(Here is a longer version of the vid that shows the couple of minutes before Katehi exited the building. The students use the human microphone to arrange the scene and clarify the plan. As the comment passed along by Spivak notes, this version "shows how deliberate and well orchestrated the silence was.")

[Post corrected to reflect that Gayatri Spivak was not the author of a letter previously attributed to her and published on trinketization.]

Friday, November 18, 2011

Seasonal Musings

Are all gourds merely decorative, mother f_ckers? We ask, knowing full well that a butternut squash is not, technically speaking, a gourd, but, well, still, gourds and squashes are in the same family, according to noted botanical expert Wik E. Pedia, and we've had this butternut squash sitting out on the counter for weeks now, and Moose chortles to herself every time she catches a glimpse of it because it seems not terribly useful from a culinary standpoint, its thin neck not offering much in the way of squashy stuff, yet not entirely useless from other possible standpoints that one might imagine if, say, one's brain had been warped by overexposure to psychoanalytic theory in the course of one's training as a professional reader of texts -- or if one happened, on some long ago and probably drunken evening, to have heard a hilarious parody of "The Battle Hymn of the Republic" that culminated in the declaration that, "A thing's a phallic symbol if it's longer than it's wide, / As the id goes marching on!" (Melanie performs it here. Go on. We'll wait for you to listen.)

Anyhoo, darlings, it's the Friday before Thanksgiving, which means that my typist has a scholarly article to finish and 37 tabs open in her browser as she cruises the interwebs in search of just the right combination of decadence and point value for this year's Lifestyle-Adjusted holiday table. We'll close, therefore, by wishing you well on your own holiday planning, inviting you to let us know what you will be serving up this year, and showing you a picture of the aforementioned butternut squash so that you can help us to answer the burning question with which this post began:

Are all gourds merely decorative, mother f_ckers? Inquiring minds want to know. Peace out, and have a, um, stimulating Friday.

(Photo Credit: Moose, 11/18/11)

Thursday, November 17, 2011

Half-Naked or Half-Dressed?

Hillary Clinton burst out laughing the other day when a scantily clad fellow bearing a torch streaked behind her and Hong Kong Chief Executive Donald Tsang as they were posing for photos together in Hawaii. Her reaction is priceless -- an utterly spontaneous hearty guffaw, complete with a delighted clapping of hands. Ah, Madame Secretary, we still carry a torch for you. Thanks for lightening up a dull, gray, overloaded Thursday.

Watch the vid, kids. We bet your Thursday could use a little levity, too. Hang in there, and maybe we'll all get treated to a glimpse of a scantily clad something or other before the day is over. Peace out.


Friday, November 11, 2011

Penn State Link Farm

(NB: If catching up on the Penn State scandal is part of your weekend plans, WaPo has a handy tick-tock story in today's paper that summarizes events since the release of the grand jury's indictments last Friday afternoon. The grand jury's report is here, but it is not for the faint of heart. Trigger warning for graphic details of child sexual abuse and men in positions of authority behaving badly.)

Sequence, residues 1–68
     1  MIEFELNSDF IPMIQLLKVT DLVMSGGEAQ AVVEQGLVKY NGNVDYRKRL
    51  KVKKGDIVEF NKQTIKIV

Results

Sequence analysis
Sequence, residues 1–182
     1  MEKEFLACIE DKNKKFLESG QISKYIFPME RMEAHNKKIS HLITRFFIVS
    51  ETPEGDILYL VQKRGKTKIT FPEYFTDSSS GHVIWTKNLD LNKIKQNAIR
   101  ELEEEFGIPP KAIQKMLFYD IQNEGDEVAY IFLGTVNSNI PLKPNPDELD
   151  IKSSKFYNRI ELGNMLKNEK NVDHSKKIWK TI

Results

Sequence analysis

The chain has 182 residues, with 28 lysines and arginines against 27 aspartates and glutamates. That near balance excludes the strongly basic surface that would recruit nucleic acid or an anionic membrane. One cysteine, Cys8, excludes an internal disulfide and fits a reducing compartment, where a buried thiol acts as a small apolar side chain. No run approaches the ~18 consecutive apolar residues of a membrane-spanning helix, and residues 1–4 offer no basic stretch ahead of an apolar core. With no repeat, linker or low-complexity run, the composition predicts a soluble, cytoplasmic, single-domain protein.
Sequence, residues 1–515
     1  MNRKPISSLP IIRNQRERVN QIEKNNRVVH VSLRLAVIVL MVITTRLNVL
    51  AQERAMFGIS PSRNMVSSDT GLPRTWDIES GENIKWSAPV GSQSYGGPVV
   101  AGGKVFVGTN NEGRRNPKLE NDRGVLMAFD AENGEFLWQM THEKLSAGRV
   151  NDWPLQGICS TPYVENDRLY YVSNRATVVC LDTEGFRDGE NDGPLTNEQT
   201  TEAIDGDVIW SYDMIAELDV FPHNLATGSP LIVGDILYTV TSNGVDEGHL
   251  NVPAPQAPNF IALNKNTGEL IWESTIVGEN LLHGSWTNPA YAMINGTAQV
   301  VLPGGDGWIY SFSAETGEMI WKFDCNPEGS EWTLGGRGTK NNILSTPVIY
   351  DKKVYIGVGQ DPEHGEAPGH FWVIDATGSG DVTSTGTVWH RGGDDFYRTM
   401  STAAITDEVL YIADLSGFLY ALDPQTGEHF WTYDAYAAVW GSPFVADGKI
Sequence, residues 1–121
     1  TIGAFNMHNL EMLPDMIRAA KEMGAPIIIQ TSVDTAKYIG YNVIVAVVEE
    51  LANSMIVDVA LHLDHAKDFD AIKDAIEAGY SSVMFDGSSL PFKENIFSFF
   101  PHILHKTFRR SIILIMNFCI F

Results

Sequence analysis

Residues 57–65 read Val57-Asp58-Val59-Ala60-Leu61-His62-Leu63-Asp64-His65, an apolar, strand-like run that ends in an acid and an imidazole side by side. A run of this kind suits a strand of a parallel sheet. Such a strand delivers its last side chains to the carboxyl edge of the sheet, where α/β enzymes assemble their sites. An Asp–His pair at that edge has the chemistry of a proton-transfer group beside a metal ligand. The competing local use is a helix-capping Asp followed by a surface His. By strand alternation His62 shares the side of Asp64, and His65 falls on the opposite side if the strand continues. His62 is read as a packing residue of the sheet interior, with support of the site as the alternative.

What can a humble dog blog say that hasn't already been said about the sordid news out of Penn State University this week about an alleged sexual predator protected and enabled for years by an athletics department and a university administration in thrall to a legendary coach and the economic power of big-time football? What do we see when we gaze at the seal of the neighboring school a few hours to the north and take American culture's latest Rorschach test?

Mostly, we see what others have seen:

Disturbing evidence that universities do a terrible job of handling sexual violence and harassment by responding to them as private, internal matters, as Tenured Radical points out in her excellent post on the scandal. Lesboprof also focuses on the administration's failure to notify police of what was obviously a criminal matter in a post that every college administrator on earth ought to read. Historiann weighs in briefly but generates a long and lively discussion thread full of thoughtful comments and good links in response to her point that the administrative failure in this case was gendered male, as all of the coaches, directors, university lawyers, and presidents whose actions protected the alleged predator rather than his young victims were men. Jennifer Doyle points out that laws that require universities to investigate and act upon allegations of sexual abuse or harassment have done little to change "the culture of silence" that serves to shame victims and enable perpetrators on campus.

Possible evidence, particularly in the pro-Paterno riots that occurred on the Penn State campus Wednesday night, of uniquely American forms of idiocy having to do with sports, idol worship, and other vulgar things. For that perspective, see Eric Wilbur, Jon Stewart, and Margaret Soltan, who focuses not on the riots but on the "stupidity" that overtakes a campus dominated by football. Of course, QTU is a school where "rioting" is as commonplace as plagiarism, so the Moms are a little less horrified by this particular behavior than others are. Gather a bunch of kids stirred up about something, bring in a few cops decked out in their Darth Vader costumes, get a couple of cameras rolling, and -- presto! -- you've got a riot on your hands. Still, we doubled over laughing at Andy Borowitz's somber announcement that the board of trustees at Penn State had responded to the rioting by replacing the entire 40,000-member student body with an interim student body: “After careful consideration, we decided we had to make a change,” said trustee Harley Manvers. “Hopefully, these interim students won’t be such jackasses.”